Meanwhile, during a conference call with analysts Amazon’s CFO Brian Olsavsky announced that the Company is transitioning to free one-day shipping for Prime members, faster than the previous two-day offer. Mr. Olsavksy said Amazon will invest $800.0 million on the effort during the second quarter. The Company will continue to offer same-day and Prime Now one-hour delivery.
In other news, Amazon has begun leasing office space and is on track to create 400 positions this year at its second headquarters in Arlington, VA.
On Monday, Kroger completed the previously announced sale of its Turkey Hill business to an affiliate of Peak Rock Capital for $215.0 million; proceeds will be used to reduce debt. The Peak Rock Capital affiliate will continue to operate the Turkey Hill business out of its Conestoga, PA location.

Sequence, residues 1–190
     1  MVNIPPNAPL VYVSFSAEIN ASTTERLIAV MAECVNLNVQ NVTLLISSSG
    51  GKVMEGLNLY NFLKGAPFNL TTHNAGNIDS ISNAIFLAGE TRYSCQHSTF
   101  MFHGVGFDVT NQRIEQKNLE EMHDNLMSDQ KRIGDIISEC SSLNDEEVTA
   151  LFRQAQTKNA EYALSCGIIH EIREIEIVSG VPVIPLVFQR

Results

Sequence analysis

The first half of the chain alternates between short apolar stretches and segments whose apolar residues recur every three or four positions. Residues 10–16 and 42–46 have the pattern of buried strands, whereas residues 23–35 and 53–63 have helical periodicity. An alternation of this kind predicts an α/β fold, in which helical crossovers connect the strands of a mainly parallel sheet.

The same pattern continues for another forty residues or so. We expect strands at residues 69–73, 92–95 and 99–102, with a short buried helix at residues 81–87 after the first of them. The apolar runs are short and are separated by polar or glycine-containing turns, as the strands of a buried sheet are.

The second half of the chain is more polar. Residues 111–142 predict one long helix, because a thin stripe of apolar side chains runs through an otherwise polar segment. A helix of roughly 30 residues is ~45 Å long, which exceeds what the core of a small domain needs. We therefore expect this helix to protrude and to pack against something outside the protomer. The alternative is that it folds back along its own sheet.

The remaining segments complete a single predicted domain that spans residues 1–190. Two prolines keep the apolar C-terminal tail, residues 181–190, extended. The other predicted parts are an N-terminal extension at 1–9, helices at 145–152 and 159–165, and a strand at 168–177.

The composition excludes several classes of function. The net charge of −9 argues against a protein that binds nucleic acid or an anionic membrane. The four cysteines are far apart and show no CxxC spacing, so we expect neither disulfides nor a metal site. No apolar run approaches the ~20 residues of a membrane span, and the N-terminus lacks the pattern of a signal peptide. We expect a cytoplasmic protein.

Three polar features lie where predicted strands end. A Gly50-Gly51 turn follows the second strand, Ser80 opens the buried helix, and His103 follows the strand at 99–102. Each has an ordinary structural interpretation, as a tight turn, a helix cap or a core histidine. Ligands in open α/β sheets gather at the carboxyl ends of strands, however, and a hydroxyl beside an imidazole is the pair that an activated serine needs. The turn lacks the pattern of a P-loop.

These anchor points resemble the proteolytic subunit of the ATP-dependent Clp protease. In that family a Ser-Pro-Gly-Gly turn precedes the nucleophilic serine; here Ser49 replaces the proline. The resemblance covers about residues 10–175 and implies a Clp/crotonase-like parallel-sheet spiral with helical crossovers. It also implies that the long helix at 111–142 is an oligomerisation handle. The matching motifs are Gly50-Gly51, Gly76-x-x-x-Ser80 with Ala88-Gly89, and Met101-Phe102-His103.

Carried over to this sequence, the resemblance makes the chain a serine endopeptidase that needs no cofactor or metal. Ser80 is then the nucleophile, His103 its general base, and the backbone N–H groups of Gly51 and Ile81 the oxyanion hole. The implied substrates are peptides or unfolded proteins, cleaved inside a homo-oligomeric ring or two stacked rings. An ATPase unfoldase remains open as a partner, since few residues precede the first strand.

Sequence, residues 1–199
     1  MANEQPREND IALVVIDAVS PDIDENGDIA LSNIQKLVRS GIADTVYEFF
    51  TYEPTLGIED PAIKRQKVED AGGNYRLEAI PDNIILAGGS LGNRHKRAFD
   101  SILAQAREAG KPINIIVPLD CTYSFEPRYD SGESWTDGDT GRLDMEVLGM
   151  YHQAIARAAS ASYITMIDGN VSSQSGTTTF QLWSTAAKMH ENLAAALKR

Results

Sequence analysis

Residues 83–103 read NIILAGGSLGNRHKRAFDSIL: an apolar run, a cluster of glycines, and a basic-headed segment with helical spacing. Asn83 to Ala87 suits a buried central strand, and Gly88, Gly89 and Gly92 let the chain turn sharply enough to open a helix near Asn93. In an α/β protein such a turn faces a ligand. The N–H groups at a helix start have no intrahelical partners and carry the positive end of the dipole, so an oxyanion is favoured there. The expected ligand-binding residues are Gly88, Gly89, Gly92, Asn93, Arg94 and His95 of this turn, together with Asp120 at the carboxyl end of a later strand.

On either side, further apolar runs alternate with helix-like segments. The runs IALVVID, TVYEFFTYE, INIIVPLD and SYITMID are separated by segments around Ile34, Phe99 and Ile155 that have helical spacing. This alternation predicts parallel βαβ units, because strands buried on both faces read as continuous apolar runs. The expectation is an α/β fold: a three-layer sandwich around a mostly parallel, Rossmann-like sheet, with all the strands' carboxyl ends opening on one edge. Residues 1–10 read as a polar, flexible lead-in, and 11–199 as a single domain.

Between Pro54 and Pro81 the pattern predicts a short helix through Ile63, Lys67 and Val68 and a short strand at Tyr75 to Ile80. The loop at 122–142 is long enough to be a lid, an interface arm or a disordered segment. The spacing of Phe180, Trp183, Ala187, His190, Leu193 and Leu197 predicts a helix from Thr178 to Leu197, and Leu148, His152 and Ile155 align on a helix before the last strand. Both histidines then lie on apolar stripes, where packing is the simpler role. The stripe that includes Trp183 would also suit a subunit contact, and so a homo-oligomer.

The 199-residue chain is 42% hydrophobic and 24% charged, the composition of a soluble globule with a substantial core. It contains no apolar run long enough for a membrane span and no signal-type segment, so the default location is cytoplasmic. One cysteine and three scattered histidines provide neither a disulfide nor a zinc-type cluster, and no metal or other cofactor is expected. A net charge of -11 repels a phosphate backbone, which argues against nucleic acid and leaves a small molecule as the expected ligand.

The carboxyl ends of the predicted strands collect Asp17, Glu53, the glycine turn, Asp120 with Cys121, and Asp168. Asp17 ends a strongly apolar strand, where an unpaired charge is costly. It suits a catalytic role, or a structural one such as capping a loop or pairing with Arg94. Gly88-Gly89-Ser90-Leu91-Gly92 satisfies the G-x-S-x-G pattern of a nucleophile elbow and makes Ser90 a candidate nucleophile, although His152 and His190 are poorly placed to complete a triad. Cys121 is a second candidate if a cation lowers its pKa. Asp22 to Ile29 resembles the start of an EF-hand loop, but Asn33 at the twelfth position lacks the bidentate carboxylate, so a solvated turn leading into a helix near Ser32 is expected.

St. Louis, MO-IL Metro Area - Hot Market Report
The St. Louis Metro Area is the 21st largest metropolitan area in the U.S. Home to about 2.8 million residents, the area has had very little population growth over the last decade, as more residents have moved out than moved in since the 2008 recession. The top grocer is Schnuck Markets, which has a solid reputation and arguably some of the best locations in the area. Schnuck took advantage of a competitor exiting the market by acquiring 19 Shop ‘n Save stores from Supervalu in 2018, expanding its footprint by 32%. Our report takes a closer look at the St. Louis real estate landscape, and provides visual competitive analyses as well as key real estate metrics such as future openings, store count, market share, and demographics.
Hibbett Sports announced that Christine Skold has temporarily joined the Company as interim CFO, effective April 26, succeeding Scott Bowman, whose resignation was announced on April 5. Ms. Skold will oversee the Company’s financial operations while it conducts a formal search for a replacement.